Lost Society, on U Street NW, is normally closed on Monday nights. But on a recent Monday evening, its dining room played host to 18 guests in a somewhat unusual arrangement. Seated around one long communal table, the diners ate dishes like popcorn soup, strawberry pasta, and a Ritz cracker ice cream with warm apple compote and cheddar cheese—dishes you ordinarily won’t find on Lost Society’s steak-centric menu.
Then again, Lost Society’s chef wasn’t cooking. Instead, the kitchen was being borrowed by Aaron Silverman, an alum of the legendary Momofuku and of nationally-acclaimed McCrady’s Restaurant in South Carolina. Silverman is currently working to open a restaurant called Rose’s Luxury in D.C.
There’s an excitement to trying Silverman’s unexpected food in an unexpected place, and in knowing that it will all be gone tomorrow. The evening is a classic example of pop-up dining, a concept that blends the magic of a top eatery with the fleeting exclusivity of a dinner party. Lately, though, it’s an excitement that seems harder and harder to find. Pop-ups are everywhere. Which, if you’re into the exclusivity and surprise that helped popularize the idea, can feel a bit like a let-down.
“It’s lost its cachet a little bit,” says Jill Richmond, one of the first people to introduce the pop-up restaurant concept in the area. “There’s nothing inherently risky or unique about going to a pop-up. It’s kind of the norm.”
Richmond’s Number 68 Project, which launched in February of last year, was a nine-week dinner series that brought together top chefs and thought-provoking speakers for conversation and dinner. She initially started her pop-up dinners while living in London, then instituted them in D.C. when she moved here for a job at the World Bank. To attend, guests had to fill out a questionnaire that asked things like “What is your idea of earthly happiness?” Graffiato’s Mike Isabella and Equinox’s Todd Gray were among the chefs to participate in the Number 68 Project. They were joined by discussion leaders including a cognitive neuroscientist, a foreign correspondent, and a yogi. The multi-course menus and discussions centered around themes like “fear” or “innovation.”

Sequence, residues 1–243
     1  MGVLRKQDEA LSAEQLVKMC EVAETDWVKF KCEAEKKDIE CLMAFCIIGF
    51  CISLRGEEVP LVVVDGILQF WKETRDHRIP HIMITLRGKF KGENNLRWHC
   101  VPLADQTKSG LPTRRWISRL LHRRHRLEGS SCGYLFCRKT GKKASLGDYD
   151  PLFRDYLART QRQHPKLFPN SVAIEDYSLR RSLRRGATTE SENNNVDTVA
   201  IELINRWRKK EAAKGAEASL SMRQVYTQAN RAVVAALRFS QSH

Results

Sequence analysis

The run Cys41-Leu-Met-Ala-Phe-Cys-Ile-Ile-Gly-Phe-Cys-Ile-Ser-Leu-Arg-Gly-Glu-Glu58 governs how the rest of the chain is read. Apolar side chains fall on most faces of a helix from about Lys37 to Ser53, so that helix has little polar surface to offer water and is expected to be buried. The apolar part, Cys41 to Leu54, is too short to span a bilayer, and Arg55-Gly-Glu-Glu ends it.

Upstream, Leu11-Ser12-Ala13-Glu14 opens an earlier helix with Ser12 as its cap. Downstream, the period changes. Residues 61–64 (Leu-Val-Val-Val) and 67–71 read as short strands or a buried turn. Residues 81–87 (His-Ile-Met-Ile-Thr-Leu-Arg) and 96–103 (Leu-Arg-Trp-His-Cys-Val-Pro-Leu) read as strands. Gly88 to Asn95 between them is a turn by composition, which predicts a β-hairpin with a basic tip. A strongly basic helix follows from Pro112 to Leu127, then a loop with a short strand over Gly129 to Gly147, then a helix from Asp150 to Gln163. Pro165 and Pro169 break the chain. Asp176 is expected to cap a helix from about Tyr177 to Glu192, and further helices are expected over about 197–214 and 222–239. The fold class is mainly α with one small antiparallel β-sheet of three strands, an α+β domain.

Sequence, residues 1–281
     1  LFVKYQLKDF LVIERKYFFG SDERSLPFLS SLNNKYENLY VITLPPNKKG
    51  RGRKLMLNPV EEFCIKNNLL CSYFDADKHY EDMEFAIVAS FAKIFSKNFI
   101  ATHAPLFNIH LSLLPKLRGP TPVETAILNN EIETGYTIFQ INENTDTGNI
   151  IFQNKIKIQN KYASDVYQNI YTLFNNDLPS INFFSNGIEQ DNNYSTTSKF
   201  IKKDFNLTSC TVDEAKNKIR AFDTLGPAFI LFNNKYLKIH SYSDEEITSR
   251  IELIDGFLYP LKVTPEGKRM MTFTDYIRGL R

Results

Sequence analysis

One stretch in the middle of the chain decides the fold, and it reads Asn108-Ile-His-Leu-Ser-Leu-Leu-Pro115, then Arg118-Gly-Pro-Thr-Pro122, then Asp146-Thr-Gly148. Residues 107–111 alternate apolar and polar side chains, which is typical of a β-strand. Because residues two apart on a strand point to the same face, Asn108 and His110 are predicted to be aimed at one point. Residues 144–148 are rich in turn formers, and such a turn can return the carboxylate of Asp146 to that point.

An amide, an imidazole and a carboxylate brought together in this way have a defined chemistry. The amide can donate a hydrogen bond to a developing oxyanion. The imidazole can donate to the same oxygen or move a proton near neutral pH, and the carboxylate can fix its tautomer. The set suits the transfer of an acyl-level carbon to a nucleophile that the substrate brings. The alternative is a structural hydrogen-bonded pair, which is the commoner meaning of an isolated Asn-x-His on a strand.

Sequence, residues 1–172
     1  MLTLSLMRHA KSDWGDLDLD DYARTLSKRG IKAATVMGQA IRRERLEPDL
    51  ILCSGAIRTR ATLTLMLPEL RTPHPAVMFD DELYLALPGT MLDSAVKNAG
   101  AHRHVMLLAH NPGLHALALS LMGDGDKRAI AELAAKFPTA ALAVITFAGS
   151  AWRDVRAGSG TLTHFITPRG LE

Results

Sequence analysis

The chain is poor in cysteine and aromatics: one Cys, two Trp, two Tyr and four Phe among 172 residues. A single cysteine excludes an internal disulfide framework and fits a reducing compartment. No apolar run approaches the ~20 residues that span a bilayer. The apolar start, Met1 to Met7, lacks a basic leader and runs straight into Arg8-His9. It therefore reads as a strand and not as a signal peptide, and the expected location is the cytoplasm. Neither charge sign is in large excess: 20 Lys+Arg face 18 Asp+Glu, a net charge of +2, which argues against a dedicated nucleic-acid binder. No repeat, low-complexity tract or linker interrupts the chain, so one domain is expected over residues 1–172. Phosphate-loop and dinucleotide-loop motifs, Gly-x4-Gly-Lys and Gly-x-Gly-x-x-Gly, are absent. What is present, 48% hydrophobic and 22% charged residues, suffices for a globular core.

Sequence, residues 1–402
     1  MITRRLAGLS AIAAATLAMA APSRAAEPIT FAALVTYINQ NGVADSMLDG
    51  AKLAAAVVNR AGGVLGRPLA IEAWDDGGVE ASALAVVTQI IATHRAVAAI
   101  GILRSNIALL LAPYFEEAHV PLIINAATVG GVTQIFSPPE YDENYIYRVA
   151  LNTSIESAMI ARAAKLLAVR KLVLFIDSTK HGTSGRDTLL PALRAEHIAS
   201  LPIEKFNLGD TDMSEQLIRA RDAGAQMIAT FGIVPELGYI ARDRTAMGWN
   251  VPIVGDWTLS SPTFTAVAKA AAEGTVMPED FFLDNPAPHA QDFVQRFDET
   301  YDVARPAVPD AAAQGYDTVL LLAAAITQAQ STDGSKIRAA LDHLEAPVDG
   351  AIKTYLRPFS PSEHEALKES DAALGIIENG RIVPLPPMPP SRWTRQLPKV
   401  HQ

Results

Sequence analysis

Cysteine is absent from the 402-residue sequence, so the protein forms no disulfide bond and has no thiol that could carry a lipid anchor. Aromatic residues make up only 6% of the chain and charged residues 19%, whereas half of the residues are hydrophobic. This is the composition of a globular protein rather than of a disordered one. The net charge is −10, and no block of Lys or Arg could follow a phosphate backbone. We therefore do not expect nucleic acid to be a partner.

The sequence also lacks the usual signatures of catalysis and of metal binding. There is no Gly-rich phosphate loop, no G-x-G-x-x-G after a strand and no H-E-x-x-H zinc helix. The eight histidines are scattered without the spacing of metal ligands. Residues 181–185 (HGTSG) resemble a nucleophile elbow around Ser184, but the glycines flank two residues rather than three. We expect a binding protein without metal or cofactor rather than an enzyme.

Nowadays, though, you don’t find many questionnaires like Richmond’s. Instead, you can buy pop-up tickets from LivingSocial. But is there anything wrong with that? Maybe not. Where the pop-up scene is headed looks to be just as interesting as where it started.
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It’s hard to find basic agreement as to what the term “pop-up” even means. But to my mind, that indicates an appealing diversity rather than a tame mediocrity. Some of the pop-ups are one-off events in galleries, warehouses, or restaurants that would be otherwise closed. For chefs like Silverman, it’s a platform to test ideas or build buzz before opening a restaurant. His pop-ups started as investor dinners as he embarked on the lengthy journey to open a permanent place. Since then, he’s expanded it to friends and friends of friends, and now, anyone can send him an email to get on the list. Silverman’s first pop-up took place on the rooftop of Cava on Capitol Hill, and he’s also used Tippy’s Taco House in Rockville and Miss Pixie’s Furnishings and Whatnot on 14th St. NW.